Topgrading the organization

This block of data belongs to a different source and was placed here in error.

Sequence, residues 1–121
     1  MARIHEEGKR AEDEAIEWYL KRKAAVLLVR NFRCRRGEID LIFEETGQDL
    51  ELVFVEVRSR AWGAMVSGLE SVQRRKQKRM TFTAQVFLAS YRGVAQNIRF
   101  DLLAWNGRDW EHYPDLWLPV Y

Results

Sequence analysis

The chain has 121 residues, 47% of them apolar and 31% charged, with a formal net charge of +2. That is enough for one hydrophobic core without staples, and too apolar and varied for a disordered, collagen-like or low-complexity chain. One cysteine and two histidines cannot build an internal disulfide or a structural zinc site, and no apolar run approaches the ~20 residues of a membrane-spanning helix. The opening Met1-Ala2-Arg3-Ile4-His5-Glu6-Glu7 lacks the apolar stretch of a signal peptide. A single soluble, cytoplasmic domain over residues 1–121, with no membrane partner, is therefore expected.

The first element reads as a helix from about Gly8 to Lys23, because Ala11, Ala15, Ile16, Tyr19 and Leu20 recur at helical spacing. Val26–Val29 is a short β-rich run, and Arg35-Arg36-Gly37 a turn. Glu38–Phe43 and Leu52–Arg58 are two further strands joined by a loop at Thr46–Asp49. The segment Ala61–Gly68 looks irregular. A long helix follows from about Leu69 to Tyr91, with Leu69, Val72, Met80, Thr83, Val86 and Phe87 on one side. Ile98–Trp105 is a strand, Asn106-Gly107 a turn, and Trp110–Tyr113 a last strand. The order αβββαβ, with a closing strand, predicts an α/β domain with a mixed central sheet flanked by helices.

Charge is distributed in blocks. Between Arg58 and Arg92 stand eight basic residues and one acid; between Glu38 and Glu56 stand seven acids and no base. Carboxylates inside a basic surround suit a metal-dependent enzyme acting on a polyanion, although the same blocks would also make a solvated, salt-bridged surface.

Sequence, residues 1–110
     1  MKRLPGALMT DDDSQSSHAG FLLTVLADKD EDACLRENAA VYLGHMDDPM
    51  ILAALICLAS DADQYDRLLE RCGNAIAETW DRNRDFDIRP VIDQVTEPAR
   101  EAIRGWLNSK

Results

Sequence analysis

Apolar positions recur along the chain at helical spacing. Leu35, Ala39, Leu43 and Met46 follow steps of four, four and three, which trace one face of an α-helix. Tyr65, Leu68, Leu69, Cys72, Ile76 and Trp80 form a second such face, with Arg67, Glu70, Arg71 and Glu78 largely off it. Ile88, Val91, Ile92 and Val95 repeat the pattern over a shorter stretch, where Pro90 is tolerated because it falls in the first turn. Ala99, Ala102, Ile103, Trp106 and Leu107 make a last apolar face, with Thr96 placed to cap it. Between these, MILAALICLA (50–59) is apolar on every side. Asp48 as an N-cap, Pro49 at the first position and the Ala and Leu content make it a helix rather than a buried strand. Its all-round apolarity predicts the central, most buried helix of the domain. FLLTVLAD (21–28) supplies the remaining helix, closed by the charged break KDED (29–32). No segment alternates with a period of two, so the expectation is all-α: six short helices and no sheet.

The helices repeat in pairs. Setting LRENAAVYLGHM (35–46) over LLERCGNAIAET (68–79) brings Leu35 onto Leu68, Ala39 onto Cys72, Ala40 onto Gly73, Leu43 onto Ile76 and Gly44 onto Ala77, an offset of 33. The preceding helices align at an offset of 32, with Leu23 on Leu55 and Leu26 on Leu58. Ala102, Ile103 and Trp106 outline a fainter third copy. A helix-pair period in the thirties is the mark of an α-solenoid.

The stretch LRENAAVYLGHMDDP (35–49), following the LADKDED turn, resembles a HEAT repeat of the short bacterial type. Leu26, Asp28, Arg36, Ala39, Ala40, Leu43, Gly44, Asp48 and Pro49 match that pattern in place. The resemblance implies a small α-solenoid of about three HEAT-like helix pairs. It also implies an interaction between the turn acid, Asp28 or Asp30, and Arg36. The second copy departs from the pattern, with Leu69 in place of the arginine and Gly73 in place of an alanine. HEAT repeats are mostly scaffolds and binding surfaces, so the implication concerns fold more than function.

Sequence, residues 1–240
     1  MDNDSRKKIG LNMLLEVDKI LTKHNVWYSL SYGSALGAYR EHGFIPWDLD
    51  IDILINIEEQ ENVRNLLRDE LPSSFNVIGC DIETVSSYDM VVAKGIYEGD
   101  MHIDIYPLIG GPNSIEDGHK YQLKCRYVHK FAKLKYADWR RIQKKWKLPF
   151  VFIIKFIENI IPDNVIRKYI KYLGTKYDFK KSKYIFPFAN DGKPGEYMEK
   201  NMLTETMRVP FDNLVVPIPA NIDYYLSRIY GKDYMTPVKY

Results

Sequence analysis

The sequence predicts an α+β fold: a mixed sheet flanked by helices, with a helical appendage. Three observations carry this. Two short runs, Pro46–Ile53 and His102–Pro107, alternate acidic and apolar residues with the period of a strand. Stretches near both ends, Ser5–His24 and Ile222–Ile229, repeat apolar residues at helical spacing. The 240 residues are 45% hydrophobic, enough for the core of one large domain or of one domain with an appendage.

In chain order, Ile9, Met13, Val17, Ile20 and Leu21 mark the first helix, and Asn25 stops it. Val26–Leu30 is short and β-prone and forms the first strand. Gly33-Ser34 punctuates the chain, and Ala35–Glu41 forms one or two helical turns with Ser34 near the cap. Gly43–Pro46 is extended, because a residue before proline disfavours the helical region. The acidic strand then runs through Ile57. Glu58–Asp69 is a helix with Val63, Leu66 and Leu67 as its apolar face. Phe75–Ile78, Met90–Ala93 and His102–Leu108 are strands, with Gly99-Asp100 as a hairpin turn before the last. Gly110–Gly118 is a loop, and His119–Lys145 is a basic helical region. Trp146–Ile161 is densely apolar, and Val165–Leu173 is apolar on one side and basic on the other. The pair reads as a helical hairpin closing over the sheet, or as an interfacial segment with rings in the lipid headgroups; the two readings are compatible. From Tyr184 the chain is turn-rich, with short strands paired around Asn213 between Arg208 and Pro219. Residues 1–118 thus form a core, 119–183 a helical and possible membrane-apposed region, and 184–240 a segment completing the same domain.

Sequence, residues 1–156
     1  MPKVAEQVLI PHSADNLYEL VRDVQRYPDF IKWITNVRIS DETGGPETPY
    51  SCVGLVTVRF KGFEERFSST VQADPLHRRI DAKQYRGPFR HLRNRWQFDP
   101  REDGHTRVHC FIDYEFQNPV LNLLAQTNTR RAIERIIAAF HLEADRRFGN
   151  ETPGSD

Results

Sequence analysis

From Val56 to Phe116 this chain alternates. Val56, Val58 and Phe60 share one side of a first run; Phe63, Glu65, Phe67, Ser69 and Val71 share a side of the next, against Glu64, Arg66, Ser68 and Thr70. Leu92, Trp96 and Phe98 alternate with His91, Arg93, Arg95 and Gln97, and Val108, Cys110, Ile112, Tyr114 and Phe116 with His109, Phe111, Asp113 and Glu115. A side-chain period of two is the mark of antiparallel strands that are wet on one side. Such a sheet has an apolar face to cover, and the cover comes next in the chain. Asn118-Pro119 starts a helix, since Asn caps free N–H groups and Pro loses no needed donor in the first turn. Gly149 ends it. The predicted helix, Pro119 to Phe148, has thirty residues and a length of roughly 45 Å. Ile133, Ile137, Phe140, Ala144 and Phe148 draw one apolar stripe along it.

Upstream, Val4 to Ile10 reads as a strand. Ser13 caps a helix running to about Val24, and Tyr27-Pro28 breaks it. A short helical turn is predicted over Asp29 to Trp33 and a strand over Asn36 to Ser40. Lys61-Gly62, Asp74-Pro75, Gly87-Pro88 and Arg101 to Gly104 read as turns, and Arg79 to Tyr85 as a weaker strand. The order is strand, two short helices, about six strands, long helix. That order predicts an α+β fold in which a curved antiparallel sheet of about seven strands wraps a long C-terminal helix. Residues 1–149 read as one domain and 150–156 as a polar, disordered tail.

ROLE OF THE BOARD Topgrading the organization Because of its impact on shareholder value, building a talent advantage over your competitors must be the number-one priority of board members and senior management. BY BRADFORD D. SMART AND GEOFFREY H. SMART Bradford D. Smart has advised leaders of Fortune 500 compa- nies for 25 years as president of Smart & Associates Inc., a con- sulting firm based in Chicago. He is author of "The Smart Interviewer; Tools and Techniques for Hiring the Best" (John Wiley & Sons, 1989). Geoffrey H. Smart is president of G. H. Smarts Co. Inc., also a Chicago-based consultancy, and is a research associate of the Peter F. Drucker Graduate Management Center in Claremont, Calif. I N THE FACE of increasing international and domestic competition, two CEOs attempt to improve their company's performance. Both have read all of the books on the latest man- agement trends. Both have worked with their boards to craft a winning strategy. One CEO suc- ceeds and receives accolades from shareholders and customers. However, the other one feels the intense frustration of failing to implement the strategy be- cause of a lack of employee horsepower. Share- holder value continues to rise in the first case, and continues to be destroyed in the second. After witnessing literally thousands of success- ful and failed executive careers, we have one ques- tion to ask directors and senior managers who want to improve their company's short-term and long- term performance: "Is your company's talent creat- ing or destroying shareholder value?" The funda- mental driver of shareholder value is the talent of everyone in the organization on whom you rely to implement your business strategies. This conclusion is based on a large-scale research base of 4,204 ex- ecutives in 123 companies. We coin the term "topgrading" to de- scribe the practice we observe of not only finding, hiring, and promoting better people at all levels (that would be up- grading) - but proactively hiring and promoting only the most talented peo- ple available, while sensitively but ag- gressively removing chronic underper- formers. This helps companies build a talent advantage over their competitors. It is as if these organizations can boast, "Our sales people are more motivated and effective than your sales people. Our engineers are smarter than your engi- neers. Our officers are better leaders than your officers." Paradoxically, organizations that topgrade do not necessarily pay more for talent. Companies that topgrade tend to look harder to find talent, screen harder to select the right people, and act more quickly to confront nonperformance. In relation to their competitors, these companies get dispropor- tionately better talent for the compensation dollars they spend. Building a talent advantage over your competi- tors does not happen without a high degree of focus and energy. Topgrading the organization must be a top priority of board members and senior man- agement. If it is not a priority, then hiring the best and brightest is just given lip service. We estimate that less than 5% of U.S. companies are topgrading. As Peter Drucker said to us one time, "The tough- est decisions in organizations are people decisions - hiring, promoting, firing, etc. The ability to make good decisions regarding people represents one of the last reliable sources of competitive advantage since very few organizations are very good at it." We wince every time an undertalented compa- ny tries to implement TOM or some other initiative and push decisionmaking responsibility down in the organization. Underskilled or undertalented employees are given decisionmaking authority and end up making bad decisions. Performance in- evitably suffers. In contrast, organizations that topgrade are able to drive improvements or changes in strategic value drivers such as productivity, innovation, quality, customer service, and time to market. They experi- ence greater success in these areas because they have the most competent employees on whom to rely. Having consistently strong operational performance can be a powerful force in building shareholder value. Of course, other factors such as macroeco- nomic trends, currency fluctuations, industry changes, and customer preferences can all affect 22 DIRECTORS a BOARDS ROLE OF THE BOARD shareholder value as well. We are not saying talent is the only driver of shareholder value, but that it is a key one - and one of the only ones that senior managers can directly control. Ratcheting up the talent level of a com- pany is a lot easier than trying to affect the strength of the U.S. dollar. The idea behind topgrading is so simple, we are often shocked that so few companies do it. We have found that far too often, managers at all levels make the costly mistake of trying to "manage their way" to excellence with low-performers on their team. This article provides a framework for illustrating how topgrading is a primary driver of shareholder value. In addition, the six most common organi- zational obstacles to implementing the practice of topgrading are identified. Finally, several brief case examples illustrate how some of this nation's most successful companies develop and maintain this powerful competitive advantage. Talent counts In the 1992 and 1996 Olympic Games, the Ameri- can basketball Dream Team had no problem crush- ing its competitors. What was the primary source of its competitive advantage? Better strategic think- ing? Better business processes? Was the team a learning organization? Was it the team's commit- ment to embrace change and innovation? No. The dream team's fun- damental competitive advan- tage was clearly the talent. All other advantages flowed fiom this primary driver of perfor- mance. The team was com- prised of high-performers, or A players. There were almost no B players and certainly no C players to drag the organi- zation's talent level down. AlliedSignal's Chairman and CEO Larry Bossidy is a believer that nothing his com- pany does is more important than hiring and developing the right people. He contends that strategies are intellectual- ly simple but the success of strategy implementation de- pends on who is doing the im- plementing. Proactively seeking out and employing the most talented people can have a multiplier effect on the creation of other competitive advantages. High-perform- ers, the A players, contribute more, inno- vate more, work smarter, earn more trust, display more resourcefulness, take more initiative, develop better business strate- gies, implement change more effective- ly, deliver higher quality work, demon- strate greater teamwork, and find ways to get the job done in less time with less cost. Across our sample of companies, only 25% of their employees were A players, 55% were B players, and 20% were C players. What is topgrading? Topgrading simply means proactively seeking out and employing the most tal- ented people available, while redeploy- ing (internally or externally) those of lesser ability or performance. More specifically, we view topgrading as em- ploying only A players. These folks are in the top 10% of the talent available. "Available" is defined as the total number of people in the pool of talent who are willing to work for a given compensation level, in a given company, in a given town. Whether the number of available people is 20 or 20,000, topgrading means Unlike so many factors that also affect shareholder value, the board and senior management can directly control the talent level of the company. Bradford Smart Proactively seeking out and employing the most talented people can have a multiplier effect on the creation of other competitive advantages. Geoffrey Smart inserting only the most talented ones available into every job. B players fall in the next lower 25%, and C players drop below the 65th percentile. The accom- panying exhibit is a brief summary of be- havioral competencies for a division president. In fact, dozens of competen- cies should be included, and they should be carefully tailored to the specific job. Another way of thinking about top- grading is making a commitment to real- izing the most "bang for one's buck" with respect to the total cost to employ people. The process of topgrading should start with the board's decision to topgrade the CEO position. An A-player CEO will then make topgrading a top priority for all levels of the organization. Specifical- ly, the most successful companies we en- counter simultaneously execute the four elements of topgrading: 1 ) Proactively searching out and iden- tifying A players (from within or outside of the firm). 2) Using the most advanced and rig- orous selection methods to make fewer SPRING 1997 23 ROLE OF THE BOARD Masters at topgrading: According to the authors, AlliedSignal's Larry Bossidy is a believer that nothing his company does is more important than hiring and developing the right people; Bill Gates himself makes calls to talented undergradsto recruit them to join Microsoft ("Imagine that a college senior picks up the phone in the dorm room one night and Bill Gates is on the line asking him or her to join the company!"); and GE's Jack Welch frequently says that his job is to get the right players on the field and to occasionally call the big plays, and calls himself the "top personnel guy around here." mistakes and hire and promote only A players. 3) Improving the existing "human capital" by providing employees with developmental train- ing, and/or redeploying low performers into roles in which they can excel. 4) Requiring subordinate managers at all levels to embrace the topgrading approach for the creation of their teams. In high-performing companies, this process is ongoing and is not a one-time strategic initiative or program. Who is topgrading McKinsey & Co. is known for its commitment to seeking out and employing the best people available at every level. This philosophy comprises one of the points in its mission statement. 3M, Procter & Cam- bie, Ceneral Electric, and AlliedSignal attract and retain A players and quickly redeploy C players. These organizations topgrade as a way of life. However, there are plenty of smaller companies that also topgrade. You may recognize them as the grocery store with uncommonly friendly employ- ees, the dry cleaner that goes out of its way to serve you, or the restaurant where every member of the staff seems competent, responsive, and enthusias- tic. The most successful organizations in our data- base tended to have at least 75% of their people in the A-player range and have almost no C players. Obstacles to topgrading Many managers are committed to the idea of em- ploying highly talented people, but find its imple- mentation challenging. We have asked thousands of se- nior managers to describe what they have done to in- crease the talent levels of their teams. Drawing from the myriad of successes and fail- ures, we have distilled the most troubling obstacles that managers face in ratcheting- up the organization's talent level. Eollowing each descrip- tion of the obstacles is the best solution to overcome the barrier. Obstacle 1: "We think we are hiring high performers, but they turn out to be C players once they are on the job." Solution: Your organization will make fewer hiring mistakes if it adopts the most advanced assessment methods available (described below). Making hiring mistakes is a very common prob- lem. It is due primarily to using ineffective methods for assessing candidates. Many companies in our sample put candidates through a series of brief "tell me about yourself" interviews which result in a typ- ical hiring success rate of only around 50% (half of the new hires work out). This disappointing re- sult may even happen when eight of your people in- terviewed the candidate for an hour each. In com- parison, organizations that use better methods typically are successful at hiring the right people 90% of the time. It is impossible to topgrade if your organization cannot accurately assess who is walk- ing in the door. So what is the most accurate and reliable way to assess people? Our recommendations in the next few paragraphs are based on over 30 years of com- bined experience in this area. In addition, we com- pared notes with other experts in the field, and re- viewed several hundred scientific studies on "best practices" for assessment. There are two critical components in the most ef- fective assessment processes: the job analysis, and the chronological, in-depth interview. The job analysis at senior levels is too often "delegated" to the executive search firm, which too often results in a "boilerplate" job description. Error-free hiring be- gins with the hiring manager's rigorous analysis of the job in relation to corporate strategy and the de- 24 DIRECTORS a BOARDS ROLE OF THE BOARD sired organization culture. The job description will also include what it takes to do the job - the dozens of behavioral competencies that are critical for suc- cess or failure in the position. This list essentially be- comes a "blank scorecard" with all of the dimen- sions against which the candidates will be evaluated. These competencies should include any knowledge, skills, abilities, operating style, or any other factors that will affect the behavior and performance ofthe person in the position. Next, the screening process should include one chronological, in-depth interview. This format ap- pears to be the most accurate tool for gaining vivid insights into the candidate's strengths and limita- tions in the dimensions that were identified on the scorecard. The point of this interview format is to make sure one gets sufficient data to make an in- formed judgment on each ofthe critical dimen- sions. Failing to get a clear reading on even one di- mension can result in a hiring mistake. Such an interview typically last 3-4 hours and chronologically covers the candidate's entire ca- reer history with a fine-toothed comb. It does not rely on asking candidates hypothetical questions be- cause these questions are too easy to fake and their responses often do not refiect what people actual- ly do. Instead, this type of interview focuses on their actual experiences over the course of their entire ca- reer. Clear patterns surface that make it easy to see what their strengths and weaker areas are and allow your people to accurately predict how they would do on the job. Across each job or relevant experience in the per- son's career, we ask a core group of six questions: 1) Their expectations coming into that job; 2) Responsibilities in that job; 3) Accomplishments and other high points; 4) Failures and low points; 5) TORC; and 6) Reasons for leaving. TORC stands for "Threat of Reference Check." This is asking candidates, "If we call that former su- pervisor, what will he or she tell us were your spe- cific strengths and weaker areas in that job at that time?" These questions yield extremely valuable in- formation. This is not a bluff. Finalist candidates are asked to set up those reference calls. This interview takes 3-4 hours, whereas a typi- cal informal interview lasts less than one hour. However, the total hiring process we are describ- ing should not take any more time or money than the typical ineffective assessment methods. Your company saves time by identifying C players earli- er in the process before they advance to later rounds of interviews and waste your people's time. Decades of research suggest that the process we describe is the most accurate assessment method, and is far superior to informal interviewing (which is the most common method) or other methods such as assessment centers or paper-and-pencil psy- chological testing. Obstacle 2: "Our HR department is supposed find and screen top talent, but they do not give our line managers what they need. And we are all so busy putting out fires, we don't have time to find A play- ers." Solution: Do more yourself to recruit and develop A players. AlliedSignal's Larry Bossidy said that the re- sponsibility to recruit superior managerial talent at all levels is a role the CEO cannot delegate. The CEO must own the topgrading ^_^__^^^__^_ process if the organization is to understand that it is a key priority. That means a visible, systematic, and persistent commitment of the CEO. Bossidy is personally involved in hiring decisions for the top 150 executives and tracks their progress in semiannual management resources re- view meetings. Bill Gates himself makes calls to talent- ed undergrads to recruit them to join Microsoft. Imagine that. A college senior picks up the phone in the dorm room one night and Bill Gates is on the line asking him or her to join the company! Successful leaders find that they are in the "re- cruitment business" for life. They are constantly on the lookout for talented people - at professional gatherings, university programs, community service boards, etc. They keep a "network file" so when a po- sition opens up, they can immediately tap their net- work for candidates or referrals. This way, they save the cost and time of a search, and their finalist can- didates have been personally pre-screened. At William M. Mercer Inc., Managing Partner Charles Hartwig occasionally has breakfast or lunch with prospective recruits two or three times per week. He once spent half a Sunday interviewing a candidate for a position three levels down in the or- ganization. Not surprisingly, his division is packed with talented people. Contrast this example with the countless examples in which managers rely exclu- sively on the HR department for candidates and do Procter & Gamble, 3M, General Electric, and AlliedSignal topgrade as a way of life. However, there are plenty of smaller companies that also topgrade. SPRING 1997 25 ROLE OF THE BOARD Talent and shareholder value Talent ' Employees ' Managers > Directors Operational Performance Productivity Innovation Quality Customer service Speedto market Shareholder Value ' Increasing revenue ' Decreasing costs ' Increasing earnings ' Increasing dividends ' Increasing share price Successful leaders find that they are in the 'recruitment business' for life. not get involved in the recruitment process at all. If your senior managers think that they do not have time to topgrade because they are too busy putting out fires, ask them how much time they waste addressing problems that the C players in the company should have prevented or fixed. Skimping on the talent search leads to more C players being hired, which means more fires, which means less time. Stop the downward spiral by replacing the C players with A players. Obstacle 3: "We want to change the organization's culture and raise the performance bar... but almost every talented person I bring in from the outside is rejected by the current culture and ends up quitting." Solution: Provide "air cover" for your new change agents. This was a common problem for the organiza- tions in our dataset. An executive realizes that his or her company, unit, or department is far from world- class. The low-performance culture - often characterized by low accountability, fear of change, autocracy, low inno- vation, poor communication, slow pace, and/or lots of ex- cuses - reinforces itself be- cause of an incestuous pro- mote-from-within policy. In this case, it is critical to seek out and employ A players who will help drive the culture-change process. It is often essential to hire those A players that have the competencies, skills, and attitudes con- sistent with the desired culture. Additionally, they will not be rejected by the old culture if senior man- agers provide them with air cover by making it clear to the others that the new hires have their full sup- port. Solution: You can't afford to not hire A players, so do it! This excuse does not make sense under our the- oretical framework. A players are available at all compensation levels - they are people above the 90th percentile of overall talent of all potential can- didates at any given compensation level. Organi- zations are always paying for A players, whether or not they get them. That means that a company that is paying its C player marketing director a $90,000 base salary could hire an A player for the same salary. Another way to look at it is that your return on in- vestment in A players is positive and big, and your return on investment in C players is negative and big. Obstacle 5: "I do not want to fire loyal C players." Solution: Give G players a chance to become A play- ers. If they fail, then redeploy them into a role in which they can perform well (but if this also does not work then you must counsel them out of the company). C players are sometimes given a chance to be- come A players with extra training and a redefini- tion of their job responsibilities. A C player can be considered one who is overpaid and/or underper- forming. By reducing pay (a "long-shot" solution) and/or improving performance, C players can be- come B players, or even A players. Nobody is a C player all of the time. People are C players when they are mishired, mispromoted, or misdeployed within their company. Theoretically, everyone can be an A player. The best organizations ask the question, "In what sort of role (and for what level of pay) can this person be an A player?" Such organizations systematically align individuals' responsibilities to be consistent with their strengths and weaknesses. Former Dial Corp. Chairman John Teets, at a roundtable meeting of CEOs, said that the most common self-criticism was not moving fast enough to remove long-term underperforming executives. Just as A players provide an uplifting force to an or- ganization, C players can sink the ship. In 1996 alone, 53,549 businesses declared bankruptcy. The best way to avoid firing C players is to not hire or promote them in the first place. The next best alternative is to have a hard-hitting performance management system that generously rewards, retains, and develops A players: A players thrive in that environment, whereas C players may end up taking a less demanding job somewhere else. Obstacle 4: "We can't afford to hire A players." Obstacle 6: "Our problems will soon clear up be- 26 DIRECTORS & BOARDS ROLE OF THE BOARD cause we engaged a strategic management consult- ing firm, and its report looks great." Solution: Topgrade if you want to drive the success- ful implementation of the strategic recommendations. Great strategy combined with a team of high per- formers can reasonably be expected to increase a company's performance. However, expensive con- sulting engagements often fall flat when the com- pany managers lack the talent to drive successful im- plementation. In chess, great strategy will not prevail if one player has nothing but a few pawns while the opponent enjoys a board full of royalty. Talent is a necessary ingredient to making strategy implementation possible. What does topgrading look like? The following cases briefly describe what topgrad- ing looks like at several large and small companies in our database. Each of these executives gave per- mission to have their topgrading story told. Reversing the Slide: Travelers Express Co. in 1991 (when it was a division of Dial Corp.) was a cash cow that was drying up. After years of flat earnings, the president was removed. The new president. Summary of Critical Hiring Competencies Position: Overall Talent Level Intelligence Vision Leadership Drive Resourcefulness Customer Focus Hiring Team-Building Track Record/ Experience Integrity Communication President (base compensation level, $250,000) A PLAYER Top 10% of those at this salary level 130 or higher IQ; a "quick study"; able to rapidly perform complex analyses Facilitates the creation and communication of a compelling and strategically sound vision Initiates needed change; highly adaptive and able to "sell" the organization on change Passionate; high energy level; fast pace; 55 (+) hour work weeks Impressive ability to find ways over, under, around, and through barriers; invents new paradigms Extremely sensitive and adaptive to both stated and unstated customer needs Hires A players and employees with A potential Creates focused, results-driven teams; energizes others Exceeds expectations of employ- ees, customers, and shareholders "Iron-clad" Excellent oral/written skills B PLAYER 65th-89th percentile at this salary level 120-129 IQ; smart, but not as insightful as an A player Vision lacks credibility; is somewhat unrealistic or strategically flawed Favors modest, incremental change; lukewarm "followership" Motivated; energetic at times; 50-54 hour weeks Open-minded and will occasionally find a new solution Knows that "customer is king" but does not act on it as often as A players Hires Bs and Cs; suffers from an occasional costly mis-hire Less adept team-builder Meets key constituency expectations Generally honest Average oral/written skills C PLAYER Below the 65th percentile at this salary level 110-119 IQ; has difficulty coping with new, complex situations Embraces tradition over forward thinking Prefers the status quo; lacks credibility so people are hesitant to follow Dedicated; inconsistent pace; 40-49 hour weeks Requires specific direction Too inwardly focused; perhaps misjudges the "inelasticity" of demand for the firm's products and services Hires C players; crises occur due to low talent leve- Drains energy from others Sporadically meets expectations "Bends the rules" Mediocre SPRING 1997 27 ROLE OF THE BOARD In chess, great strategy will not prevail if one player has nothing but a few pawns while the opponent enjoys a board full of royalty. Robert Bohannon, immediately topgraded the com- pany. In the first year, Bohannon replaced most of his executive team. He used in-depth chronological interviews to hire and promote only A players. The in-depth interview process led to zero hiring mis- takes. The new team embraced topgrading, replac- ing 30% of all employees in the next two years. Bo- hannon and his vice presidents personally drove the process of identifying A players, B players, and C players. He gave each B and C player a fair chance of becoming an A player. Some C players were re- moved. Over one quarter of the C players were rede- ployed into roles in which they could perform as A players. The results? Record rev- enues and profits were achieved during 1992- 1996. Morale has been sky- high. The successful vision and strategy were created by the new "dream team" ^^ ^ ^^^^ of j^jgh performers. Re- cently, Bohannon was named chairman and CEO of Viad Corp., the $2.6 billion publicly traded com- pany created from a 1996 spinoff of the old Dial Corp. Large-Scale Change and Growth: From 1991 -1994, Nielsen International's CEO Christos Cotsakos re- organized the non-U.S. businesses of the world's largest marketing firm. Cotsakos found that too many C players were comfortable with slow growth. Cotsakos initiated a program that required everyone to reapply for his or her job. All but two of the top 50 executives changed jobs; some were promoted or reassigned, and many left voluntarily or were termi- nated. Cotsakos' topgraded organization achieved record financial performance in 1992-1995. Cot- sakos, promoted to president of ACNielsen World- Wide, said, "We topgraded at a frenetic pace - hir- ing, assessing, coaching, firing, reorganizing." Jncreasing Shareholder Value: Beginning in the mid-1980s. Chairman and CEO James DiMatteo of Dominick's Finer Foods, a $2.5 billion grocery re- tailer, initiated the topgrading process. The CEO and his officers were evaluated using the in-depth chronological interview plus co-worker evaluations, and received executive coaching every two years. No senior executives were removed, though several A players were added to the team. However, almost one-fourth of the store managers were deemed C players and were removed (most became depart- ment managers) after extensive feedback and job coaching. The topgrading process helped to identi- fy and develop an internal executive, Robert Mari- ano, who was recently promoted to president. From 1985-1995, the firm's value grew by 15 times. Being Premier at Everything You Do: General Elec- tric benefits from its unusually thorough and ef- fective systems to assure that its businesses are "packed" with A players. The firm accomplishes this by hiring A players, by developing its B players into A players, and by removing a few C players who do not improve and do not fit other positions. Chair- man and CEO Jack Welch frequently says that his job is to get the right players on the field and to occa- sionally call the big plays. He calls himself the "top personnel guy around here," affirming his personal commitment to hire and promote the best people. Officers at GE are periodically put through an ex- tremely comprehensive tandem (two interviewers) assessment and development process. For each can- didate, human resources professionals conduct an in-depth chronological interview and confidential co-worker interviews, and provide hard-hitting feedback to the individual in a 15-20-page report containing specific developmental action plans. Twice per year, in what is called "Session C," Welch devotes a full day or more to the human re- sources issues of each of GE's businesses. After vis- iting the businesses, Welch himself evaluates each executive's strengths, weaker points, and progress on their developmental plans. Nothing impacts the topgrading process more powerfully than the CEO's personal commitment to make sure it happens. Driving value upward For those charged with the awesome responsibili- ty of increasing shareholder value, topgrading pro- vides a powerful tool. They can ask if the compa- ny has the top 10% of the talent available, and, if not, "Why are we paying for A players and not get- ting them?" They can ask if the hiring success rate is around 90%; if not, "Why are we not using the most advanced selection methods available to screen people?" They can ask why so many C play- ers are causing problems when, for the same salaries, A players can drive shareholder value upward. By increasing the talent level, you can expect to see key performance indicators go up. Unlike so many factors that also affect shareholder value such as customers, competitors, investors, and broad eco- nomic trends, the board and senior management can directly control the talent level of the company. Since so few companies topgrade, it represents a re- liable source of competitive advantage. For now. 28 DIRECTORS a BOARDS